They Like Fritos and Mountain Dew

Code_monkeys_opening_logoBorn from the ashes of the promising, but quickly canceled animated show “Minoriteam,” Adam de la Peña created “Code Monkeys” in 2007 and in the process, has produced one of the most underrated and hilarious animated sitcoms on television today. It’s first season, which is available on DVD, chronicles the first 13 episodes of the show and serves as a great introduction to the series.

Anyone that grew up with the WWF, Cyndi Lauper and the Super Mario Bros. will absolutely fall in love with the show, as it is drenched in ’80s references and nostalgia. Taking place at a fledgling video game company sometime in the ’80s, the show uses this time period to its advantage, exposing just how idiotic we all were back then and how much simpler and fun things appeared to be.

Feeling like a combination of “South Park” and “Aqua Ten Hunger Force,” the show features the voice talent of Dana “Don’t Call me Master Shake” Synder, who is an absolute laugh riot on the show, serving as game creator Todd, who seems to be way too close to his mother and nachos, and Benny, a foul-mouthed and drug using illegal immigrant teenager brought to the game company to test games 24-hours a day. With Snyder on board, the show’s hilarity and promise were high, but there are several other talented voice actors on the show that give the show a type of appeal and atmosphere not many animated shows have.

Series creator De La Pena also serves as the voice of the main character, Dave, whose absurdity and perversion outranks both Master Shake and Eric Cartman. Matt Mariska plays Dave’s best friend and sidekick Jerry, who isn’t afraid to admit he’s half Jewish, but is afraid of pretty much everything else. This combination on the show provides the bulk of the laughs, but Andy Sipes’ portrayal of Gameavision owner Big T Larrity often tops everything else going on. Perverted, horny, greedy and borderline racist, Larrity will arguably be many people’s favorite character.

Speaking of racism, the show features Tony Strickland as Black Steve, the accountant who embodies every African-American stereotype known to man and is proud of it. If that wasn’t enough, Gretchen McNeil plays Mary, the only female programmer at the company, who is an arch feminist.

Add all these characters together and you have a 22-minute power-keg of exploitation, sexism and outright craziness that is waiting to explode.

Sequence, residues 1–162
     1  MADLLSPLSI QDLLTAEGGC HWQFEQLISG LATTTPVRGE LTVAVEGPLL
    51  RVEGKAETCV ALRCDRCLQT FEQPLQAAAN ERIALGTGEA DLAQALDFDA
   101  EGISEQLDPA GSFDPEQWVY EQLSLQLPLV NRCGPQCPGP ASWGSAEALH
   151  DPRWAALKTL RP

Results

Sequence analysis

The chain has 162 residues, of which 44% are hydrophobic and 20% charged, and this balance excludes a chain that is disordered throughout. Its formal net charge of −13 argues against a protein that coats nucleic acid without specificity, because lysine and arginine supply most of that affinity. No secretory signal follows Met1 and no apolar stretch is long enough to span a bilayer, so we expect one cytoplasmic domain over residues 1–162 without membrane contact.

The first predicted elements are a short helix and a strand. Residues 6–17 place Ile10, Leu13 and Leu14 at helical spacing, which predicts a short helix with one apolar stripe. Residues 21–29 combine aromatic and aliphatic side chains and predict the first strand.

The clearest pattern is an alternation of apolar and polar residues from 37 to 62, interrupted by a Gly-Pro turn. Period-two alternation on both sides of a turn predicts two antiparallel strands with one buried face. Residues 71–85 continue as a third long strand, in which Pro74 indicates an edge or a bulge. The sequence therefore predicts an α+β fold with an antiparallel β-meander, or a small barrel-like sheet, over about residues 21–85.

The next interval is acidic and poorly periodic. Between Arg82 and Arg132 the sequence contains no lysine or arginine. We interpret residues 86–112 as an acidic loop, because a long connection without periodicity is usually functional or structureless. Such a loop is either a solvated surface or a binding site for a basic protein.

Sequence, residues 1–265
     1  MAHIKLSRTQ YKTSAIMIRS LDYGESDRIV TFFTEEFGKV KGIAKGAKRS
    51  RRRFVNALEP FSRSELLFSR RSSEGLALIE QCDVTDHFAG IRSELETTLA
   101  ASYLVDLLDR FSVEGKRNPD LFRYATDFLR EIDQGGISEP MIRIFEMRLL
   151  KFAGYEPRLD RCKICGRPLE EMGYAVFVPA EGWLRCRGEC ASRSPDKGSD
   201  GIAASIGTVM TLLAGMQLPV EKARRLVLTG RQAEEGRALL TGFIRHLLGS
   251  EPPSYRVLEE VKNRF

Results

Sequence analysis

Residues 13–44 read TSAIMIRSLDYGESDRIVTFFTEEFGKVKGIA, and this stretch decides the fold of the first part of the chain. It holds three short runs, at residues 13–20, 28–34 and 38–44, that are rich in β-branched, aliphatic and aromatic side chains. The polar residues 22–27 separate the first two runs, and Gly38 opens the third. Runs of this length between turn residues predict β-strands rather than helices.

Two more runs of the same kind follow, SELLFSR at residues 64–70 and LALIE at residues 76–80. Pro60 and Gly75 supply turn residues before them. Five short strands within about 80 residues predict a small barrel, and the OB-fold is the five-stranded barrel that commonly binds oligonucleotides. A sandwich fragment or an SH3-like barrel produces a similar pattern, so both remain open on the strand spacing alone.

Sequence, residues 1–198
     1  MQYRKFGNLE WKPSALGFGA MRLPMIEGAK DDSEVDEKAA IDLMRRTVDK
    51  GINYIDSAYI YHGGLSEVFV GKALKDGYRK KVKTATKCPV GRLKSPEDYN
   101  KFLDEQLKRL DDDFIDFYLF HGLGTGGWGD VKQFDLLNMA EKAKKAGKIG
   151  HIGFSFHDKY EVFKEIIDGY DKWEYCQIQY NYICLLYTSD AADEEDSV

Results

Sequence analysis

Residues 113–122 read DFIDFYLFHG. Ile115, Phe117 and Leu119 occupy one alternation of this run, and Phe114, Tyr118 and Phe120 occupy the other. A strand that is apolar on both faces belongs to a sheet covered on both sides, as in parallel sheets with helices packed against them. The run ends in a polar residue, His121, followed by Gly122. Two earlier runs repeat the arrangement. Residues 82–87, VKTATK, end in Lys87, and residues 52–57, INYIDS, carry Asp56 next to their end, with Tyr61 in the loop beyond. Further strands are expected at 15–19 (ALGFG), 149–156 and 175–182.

Boy, is it ever fun to watch.

However, in spite of all of this, the best reason to watch the show is the animation. Taking a page out of the eight-bit graphics on the Nintendo Entertainment System, “Code Monkeys” is a perturbed video game fan’s dream come true and everyone else’s guilty pleasure. It pulls no punches in its comedy, which will offend some, but those looking for a different brand of humor will be pleasantly surprised.

Plus, it’s the only place to see eight-bit strippers and polygonal nudity of mass proportions.

The show is so raunchy that if our favorite Italian plumber would have seen it in the ’80s, it’s safe to say the Princess would still be off in another castle somewhere with a fire-breathing King Koopa.

He’d be at the strip club with Dave and Jerry instead.

enabling“Code Monkeys” is indeed a surprisingly hidden gem – perfectly square and clearly pixilated – emerging on a network traditionally devoted to video games. Appearing much like an 8-bit game, itself, its most charming aspect is the inclusion of game play in the episodes’ admittedly funny story lines.

When the team must escape from a dungeon in “Super Prison Breakout,” (an episode that should almost entirely be devoted to Todd and Tiffany, his girlfriend doll) a narrow walk-way a la “Zelda” dominates the screen. In “Third Reich’s the Charm,” the gregarious group gets ready to fight some Nazis; cowboys step in and undertake “Final Fantasy’s” iconic form of battle.

Hysterical, unwittingly charismatic, shocking and ultimately nostalgic, “Code Monkeys” takes the best of a childhood borne of the ‘80s and bestows upon it its most secret wish – to live inside the world of a video game.

– Olga Privman

About Patrick Hickey Jr. 9968 Articles
Patrick Hickey Jr. is the Founder, Editor-in-Chief, Master Jedi and Grand Pooh-bah of and is the author of the book, "The Minds Behind the Games: Interviews with Cult and Classic Video Game Developers," from leading academic and non-fiction publisher McFarland and Company. He is currently the Assistant Director of the Journalism Program at Kingsborough Community College and is a former News Editor at NBC Local Integrated Media and a National Video Games Writer at the late He has also had articles and photos published in The New York Times, The New York Daily News, Complex and The Syracuse Post-Standard. Love him. Read him.

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